The Great War in Numbers tells the complete story of World War I - from outbreak to conclusion - and the fragile peace that followed. It was a war unlike any other before it, with a number of firsts along the way. Seventy-milliion men were mobilised to fight around the world, from the trenches of the Western Front to the Middle East and Africa. There were more bullets fired, more bombs dropped, more men killed, more money borrowed and spent than in any war before.

It was a war of numbers: men, ammunition, food - quantity was the difference between victory and defeat, and for the first time in human history, everything was recorded in exacting detail: 762,000 Britons enlisted in the first four weeks of the war; 980,000 'war' horses shipped to Europe from America; the life expectancy of a WW1 pilot was only 15 flight hours; the cost of bullets for one day of fighting in 1918 was £3,800,000 - in today's money that's £237,500,000. The series takes these numbers and more to present a new, vivid look at The Great War, with statistics helping to shed new light on the war to end all wars.

The Great War in Numbers - Netflix

Type: Documentary

Languages: English

Status: In Development

Runtime: 60 minutes

Premier: 2017-10-04

The Great War in Numbers - Great Depression - Netflix

The Great Depression was a severe worldwide economic depression that took place mostly during the 1930s, beginning in the United States. The timing of the Great Depression varied across nations; in most countries it started in 1929 and lasted until the late-1930s. It was the longest, deepest, and most widespread depression of the 20th century. In the 21st century, the Great Depression is commonly used as an example of how far the world's economy can decline. The Great Depression started in the United States after a major fall in stock prices that began around September 4, 1929, and became worldwide news with the stock market crash of October 29, 1929 (known as Black Tuesday). Between 1929 and 1932, worldwide gross domestic product (GDP) fell by an estimated 15%. By comparison, worldwide GDP fell by less than 1% from 2008 to 2009 during the Great Recession. Some economies started to recover by the mid-1930s. However, in many countries, the negative effects of the Great Depression lasted until the beginning of World War II. The Great Depression had devastating effects in countries both rich and poor. Personal income, tax revenue, profits and prices dropped, while international trade plunged by more than 50%. Unemployment in the U.S. rose to 25% and in some countries rose as high as 33%. Cities around the world were hit hard, especially those dependent on heavy industry. Construction was virtually halted in many countries. Farming communities and rural areas suffered as crop prices fell by about 60%. Facing plummeting demand with few alternative sources of jobs, areas dependent on primary sector industries such as mining and logging suffered the most.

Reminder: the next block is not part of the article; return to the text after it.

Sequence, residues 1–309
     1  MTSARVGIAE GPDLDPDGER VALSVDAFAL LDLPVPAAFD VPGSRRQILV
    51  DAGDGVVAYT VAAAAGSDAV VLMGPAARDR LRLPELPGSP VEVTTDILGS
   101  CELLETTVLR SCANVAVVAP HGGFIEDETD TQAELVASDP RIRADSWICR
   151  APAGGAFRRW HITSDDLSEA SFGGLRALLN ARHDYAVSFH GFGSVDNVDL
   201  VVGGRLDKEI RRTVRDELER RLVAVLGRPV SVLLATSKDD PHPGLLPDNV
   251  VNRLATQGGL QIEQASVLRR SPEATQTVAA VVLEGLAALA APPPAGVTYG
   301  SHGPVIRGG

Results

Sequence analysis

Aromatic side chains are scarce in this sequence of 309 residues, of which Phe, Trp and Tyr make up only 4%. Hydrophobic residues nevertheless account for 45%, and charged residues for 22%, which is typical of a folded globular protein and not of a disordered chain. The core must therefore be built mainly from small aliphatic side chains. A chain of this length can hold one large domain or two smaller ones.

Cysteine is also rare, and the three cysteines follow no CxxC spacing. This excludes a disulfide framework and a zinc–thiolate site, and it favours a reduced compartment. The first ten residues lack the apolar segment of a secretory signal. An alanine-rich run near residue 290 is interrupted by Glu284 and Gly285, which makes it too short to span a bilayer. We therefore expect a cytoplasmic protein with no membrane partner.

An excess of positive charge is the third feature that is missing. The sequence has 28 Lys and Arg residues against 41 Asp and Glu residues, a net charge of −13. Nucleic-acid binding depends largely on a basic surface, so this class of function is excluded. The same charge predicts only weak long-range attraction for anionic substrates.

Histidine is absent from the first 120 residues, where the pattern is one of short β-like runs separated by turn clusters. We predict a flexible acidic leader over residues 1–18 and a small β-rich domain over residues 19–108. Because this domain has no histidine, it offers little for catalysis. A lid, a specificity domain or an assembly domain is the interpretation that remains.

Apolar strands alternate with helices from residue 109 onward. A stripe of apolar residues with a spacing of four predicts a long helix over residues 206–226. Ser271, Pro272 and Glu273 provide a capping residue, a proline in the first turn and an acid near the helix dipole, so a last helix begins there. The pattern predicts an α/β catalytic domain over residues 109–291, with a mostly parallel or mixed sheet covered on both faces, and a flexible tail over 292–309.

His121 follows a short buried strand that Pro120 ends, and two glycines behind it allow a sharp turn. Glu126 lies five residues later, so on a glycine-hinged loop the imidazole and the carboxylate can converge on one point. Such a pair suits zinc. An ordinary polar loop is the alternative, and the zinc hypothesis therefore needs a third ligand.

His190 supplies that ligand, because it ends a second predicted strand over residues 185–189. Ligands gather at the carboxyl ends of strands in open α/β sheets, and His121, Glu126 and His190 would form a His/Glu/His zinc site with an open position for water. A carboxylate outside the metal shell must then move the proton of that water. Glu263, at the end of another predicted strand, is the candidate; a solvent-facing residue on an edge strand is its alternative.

The Great War in Numbers - Literature - Netflix

The Great Depression has been the subject of much writing, as authors have sought to evaluate an era that caused both financial and emotional trauma. Perhaps the most noteworthy and famous novel written on the subject is The Grapes of Wrath, published in 1939 and written by John Steinbeck, who was awarded both the Nobel Prize for literature and the Pulitzer Prize for the work. The novel focuses on a poor family of sharecroppers who are forced from their home as drought, economic hardship, and changes in the agricultural industry occur during the Great Depression. Steinbeck's Of Mice and Men is another important novella about a journey during the Great Depression. Additionally, Harper Lee's To Kill a Mockingbird is set during the Great Depression. Margaret Atwood's Booker prize-winning The Blind Assassin is likewise set in the Great Depression, centering on a privileged socialite's love affair with a Marxist revolutionary. The era spurred the resurgence of social realism, practiced by many who started their writing careers on relief programs, especially the Federal Writers' Project in the U.S. A number of works for younger audiences are also set during the Great Depression, among them the Kit Kittredge series of American Girl books written by Valerie Tripp and illustrated by Walter Rane, released to tie in with the dolls and playsets sold by the company. The stories, which take place during the early to mid 1930s in Cincinnati, focuses on the changes brought by the Depression to the titular character's family and how the Kittredges dealt with it. A theatrical adaptation of the series entitled Kit Kittredge: An American Girl was later released in 2008 to positive reviews. Similarly, Christmas After All, part of the Dear America series of books for older girls, take place in 1930s Indianapolis; while Kit Kittredge is told in a third-person viewpoint, Christmas After All is in the form of a fictional journal as told by the protagonist Minnie Swift as she recounts her experiences during the era, especially when her family takes in an orphan cousin from Texas.

The Great War in Numbers - References - Netflix